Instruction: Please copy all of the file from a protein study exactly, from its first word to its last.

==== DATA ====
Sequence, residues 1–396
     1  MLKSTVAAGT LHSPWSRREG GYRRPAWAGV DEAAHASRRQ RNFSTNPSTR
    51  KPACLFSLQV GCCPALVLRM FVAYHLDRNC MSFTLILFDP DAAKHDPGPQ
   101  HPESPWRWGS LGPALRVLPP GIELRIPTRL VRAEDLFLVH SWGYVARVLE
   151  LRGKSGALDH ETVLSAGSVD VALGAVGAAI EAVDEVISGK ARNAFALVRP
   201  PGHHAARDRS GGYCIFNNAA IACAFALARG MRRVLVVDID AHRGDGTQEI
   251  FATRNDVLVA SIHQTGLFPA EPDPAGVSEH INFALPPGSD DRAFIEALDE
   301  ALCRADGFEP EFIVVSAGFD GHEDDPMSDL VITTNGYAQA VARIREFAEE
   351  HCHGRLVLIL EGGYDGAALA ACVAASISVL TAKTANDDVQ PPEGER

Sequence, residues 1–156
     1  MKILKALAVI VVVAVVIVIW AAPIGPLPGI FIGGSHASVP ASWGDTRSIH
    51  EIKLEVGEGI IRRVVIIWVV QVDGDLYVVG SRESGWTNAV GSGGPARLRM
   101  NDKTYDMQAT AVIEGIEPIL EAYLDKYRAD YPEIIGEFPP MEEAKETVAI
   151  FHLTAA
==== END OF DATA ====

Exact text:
Sequence, residues 1–396
     1  MLKSTVAAGT LHSPWSRREG GYRRPAWAGV DEAAHASRRQ RNFSTNPSTR
    51  KPACLFSLQV GCCPALVLRM FVAYHLDRNC MSFTLILFDP DAAKHDPGPQ
   101  HPESPWRWGS LGPALRVLPP GIELRIPTRL VRAEDLFLVH SWGYVARVLE
   151  LRGKSGALDH ETVLSAGSVD VALGAVGAAI EAVDEVISGK ARNAFALVRP
   201  PGHHAARDRS GGYCIFNNAA IACAFALARG MRRVLVVDID AHRGDGTQEI
   251  FATRNDVLVA SIHQTGLFPA EPDPAGVSEH INFALPPGSD DRAFIEALDE
   301  ALCRADGFEP EFIVVSAGFD GHEDDPMSDL VITTNGYAQA VARIREFAEE
   351  HCHGRLVLIL EGGYDGAALA ACVAASISVL TAKTANDDVQ PPEGER

Sequence, residues 1–156
     1  MKILKALAVI VVVAVVIVIW AAPIGPLPGI FIGGSHASVP ASWGDTRSIH
    51  EIKLEVGEGI IRRVVIIWVV QVDGDLYVVG SRESGWTNAV GSGGPARLRM
   101  NDKTYDMQAT AVIEGIEPIL EAYLDKYRAD YPEIIGEFPP MEEAKETVAI
   151  FHLTAA